Natural Hazards In The United States.
Due to its large size and varying terrain the United States has a wide variety of weather conditions and geological events that are constantly present. In this paper I am going to focus on, what I feel, the six most destructive natural hazards in the United States. These six hazards are hurricanes, floods, tornadoes, landslides, earthquakes, and volcanic eruptions and each of them .
Tornadoes have a possibility of forming in every state but have a higher chance of occurring in the central U.S. between the Rocky Mountains and the Appalachian Mountains. As pointed out by the Tornado Risk Areas Map, the largest area of high risk occurs in section of the central U.S. called "tornado alley". Out of the top five states with the highest number of tornadoes, four of them (Texas, Oklahoma, Kansas, and Nebraska) are located in this alley. Florida is only state in the top five that is not located within the defined region of tornado alley.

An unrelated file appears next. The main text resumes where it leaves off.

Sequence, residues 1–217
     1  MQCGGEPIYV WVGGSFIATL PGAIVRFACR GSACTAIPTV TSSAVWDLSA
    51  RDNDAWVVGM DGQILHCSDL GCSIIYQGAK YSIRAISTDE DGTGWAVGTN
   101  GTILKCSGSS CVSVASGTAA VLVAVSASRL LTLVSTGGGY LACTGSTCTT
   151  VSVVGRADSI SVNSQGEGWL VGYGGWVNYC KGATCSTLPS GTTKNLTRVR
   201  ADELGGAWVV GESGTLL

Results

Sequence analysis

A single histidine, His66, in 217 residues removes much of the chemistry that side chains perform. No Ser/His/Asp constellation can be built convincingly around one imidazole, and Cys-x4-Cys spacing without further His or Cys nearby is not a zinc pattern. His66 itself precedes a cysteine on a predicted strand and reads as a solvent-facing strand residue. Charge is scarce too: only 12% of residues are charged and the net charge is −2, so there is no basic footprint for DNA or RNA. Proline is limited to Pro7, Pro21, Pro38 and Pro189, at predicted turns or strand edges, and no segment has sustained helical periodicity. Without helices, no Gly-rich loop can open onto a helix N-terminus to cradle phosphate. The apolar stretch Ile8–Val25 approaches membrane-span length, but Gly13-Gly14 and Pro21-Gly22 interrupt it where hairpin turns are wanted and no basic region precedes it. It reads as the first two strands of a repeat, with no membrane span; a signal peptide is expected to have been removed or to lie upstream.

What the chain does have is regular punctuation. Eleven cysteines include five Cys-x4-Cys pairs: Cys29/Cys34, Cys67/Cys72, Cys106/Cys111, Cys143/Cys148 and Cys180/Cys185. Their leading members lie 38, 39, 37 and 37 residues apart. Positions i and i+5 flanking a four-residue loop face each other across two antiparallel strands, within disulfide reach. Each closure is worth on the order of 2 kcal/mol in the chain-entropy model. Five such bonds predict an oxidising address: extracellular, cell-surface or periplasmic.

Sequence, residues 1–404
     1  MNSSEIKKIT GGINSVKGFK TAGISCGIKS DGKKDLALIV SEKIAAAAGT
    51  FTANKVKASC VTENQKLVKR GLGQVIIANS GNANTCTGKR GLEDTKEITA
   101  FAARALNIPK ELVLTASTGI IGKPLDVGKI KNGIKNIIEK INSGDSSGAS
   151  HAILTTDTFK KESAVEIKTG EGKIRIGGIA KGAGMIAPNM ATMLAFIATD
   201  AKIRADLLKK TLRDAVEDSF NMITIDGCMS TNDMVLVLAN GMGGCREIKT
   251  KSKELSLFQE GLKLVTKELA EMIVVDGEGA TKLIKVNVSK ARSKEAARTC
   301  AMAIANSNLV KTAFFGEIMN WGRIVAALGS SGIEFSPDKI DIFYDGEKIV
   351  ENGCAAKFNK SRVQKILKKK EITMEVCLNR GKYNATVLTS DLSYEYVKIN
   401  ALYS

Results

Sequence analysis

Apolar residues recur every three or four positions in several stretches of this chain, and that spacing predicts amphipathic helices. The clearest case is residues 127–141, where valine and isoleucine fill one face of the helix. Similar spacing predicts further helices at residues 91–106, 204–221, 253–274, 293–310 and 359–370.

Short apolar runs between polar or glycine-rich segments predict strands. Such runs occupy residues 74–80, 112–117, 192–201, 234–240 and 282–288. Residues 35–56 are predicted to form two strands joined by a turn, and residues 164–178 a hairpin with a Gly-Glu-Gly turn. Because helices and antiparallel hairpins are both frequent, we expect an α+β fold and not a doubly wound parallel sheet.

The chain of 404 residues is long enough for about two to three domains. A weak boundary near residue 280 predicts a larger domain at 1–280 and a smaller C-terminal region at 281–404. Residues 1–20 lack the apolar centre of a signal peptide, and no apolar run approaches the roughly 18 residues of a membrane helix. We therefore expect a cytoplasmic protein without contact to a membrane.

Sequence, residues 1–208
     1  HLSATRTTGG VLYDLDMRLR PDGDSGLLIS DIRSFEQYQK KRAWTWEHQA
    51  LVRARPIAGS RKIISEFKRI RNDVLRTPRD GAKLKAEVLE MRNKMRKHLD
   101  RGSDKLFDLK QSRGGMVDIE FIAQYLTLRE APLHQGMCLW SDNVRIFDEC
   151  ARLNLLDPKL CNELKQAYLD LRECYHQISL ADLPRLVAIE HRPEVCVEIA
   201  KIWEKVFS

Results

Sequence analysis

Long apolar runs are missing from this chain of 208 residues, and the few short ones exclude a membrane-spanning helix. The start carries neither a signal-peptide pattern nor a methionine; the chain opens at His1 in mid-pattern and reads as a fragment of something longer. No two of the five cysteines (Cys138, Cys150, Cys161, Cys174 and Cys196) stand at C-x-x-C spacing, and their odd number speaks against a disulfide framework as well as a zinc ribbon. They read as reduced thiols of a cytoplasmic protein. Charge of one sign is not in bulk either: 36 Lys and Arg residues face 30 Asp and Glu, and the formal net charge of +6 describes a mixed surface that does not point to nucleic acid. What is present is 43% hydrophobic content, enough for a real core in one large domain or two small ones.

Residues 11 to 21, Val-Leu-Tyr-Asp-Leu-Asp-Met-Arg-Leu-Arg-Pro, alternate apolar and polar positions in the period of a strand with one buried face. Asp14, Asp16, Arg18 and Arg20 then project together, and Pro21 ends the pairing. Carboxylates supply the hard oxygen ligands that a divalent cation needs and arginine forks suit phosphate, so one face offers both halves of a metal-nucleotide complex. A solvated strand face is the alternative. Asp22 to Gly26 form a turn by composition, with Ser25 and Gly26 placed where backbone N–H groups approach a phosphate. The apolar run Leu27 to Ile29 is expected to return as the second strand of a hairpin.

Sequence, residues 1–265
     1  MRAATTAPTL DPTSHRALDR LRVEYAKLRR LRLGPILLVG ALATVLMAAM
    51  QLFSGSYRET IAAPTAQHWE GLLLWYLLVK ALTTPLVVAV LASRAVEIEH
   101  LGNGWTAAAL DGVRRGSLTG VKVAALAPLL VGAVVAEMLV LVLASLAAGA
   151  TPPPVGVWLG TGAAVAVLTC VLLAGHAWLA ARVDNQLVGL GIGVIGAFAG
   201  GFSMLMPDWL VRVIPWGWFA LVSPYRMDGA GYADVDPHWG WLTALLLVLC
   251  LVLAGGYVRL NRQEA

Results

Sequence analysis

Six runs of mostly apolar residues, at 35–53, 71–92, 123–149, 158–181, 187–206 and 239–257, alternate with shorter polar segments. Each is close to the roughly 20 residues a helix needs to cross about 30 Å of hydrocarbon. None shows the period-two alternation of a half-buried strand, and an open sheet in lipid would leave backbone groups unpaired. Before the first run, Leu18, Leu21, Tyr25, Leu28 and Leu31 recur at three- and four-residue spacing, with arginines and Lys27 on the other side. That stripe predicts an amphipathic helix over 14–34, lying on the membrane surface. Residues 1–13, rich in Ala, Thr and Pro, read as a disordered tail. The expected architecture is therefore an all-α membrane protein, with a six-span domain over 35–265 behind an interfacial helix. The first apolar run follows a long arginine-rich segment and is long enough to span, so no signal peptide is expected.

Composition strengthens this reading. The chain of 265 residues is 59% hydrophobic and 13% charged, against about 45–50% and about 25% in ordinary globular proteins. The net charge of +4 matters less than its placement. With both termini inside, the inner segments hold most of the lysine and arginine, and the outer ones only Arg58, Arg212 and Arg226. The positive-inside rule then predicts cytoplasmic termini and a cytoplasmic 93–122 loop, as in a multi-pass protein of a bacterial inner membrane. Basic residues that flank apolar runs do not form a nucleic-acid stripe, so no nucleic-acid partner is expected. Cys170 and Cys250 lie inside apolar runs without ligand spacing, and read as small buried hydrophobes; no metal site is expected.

The frequency, size, strength, and type of tornado can vary throughout the United States. In the Plains and Western U.S. the most common variety of tornado occurs when a thunderstorm forms rapidly. These tornadoes can appear to be transparent until they begin to pickup debris and it is not uncommon for two or more tornadoes to occur at the same time with close proximity of each other during these storms. The peak season for tornadoes to occur within this area is during the summer months and between the hours of 3pm and 9pm. In the Southeastern U.S. the peak tornado season is March through May but tornadoes have been known to occur during any month of the year. .
Another natural weather disaster that affects a large portion of the U.S. is floods. As seen in the General Areas of Flooding Map, the areas with the most major flooding from 1993-1997 were the upper Mississippi and Missouri Rivers with other smaller areas such as the Columbia and Snake rivers in Northwestern U.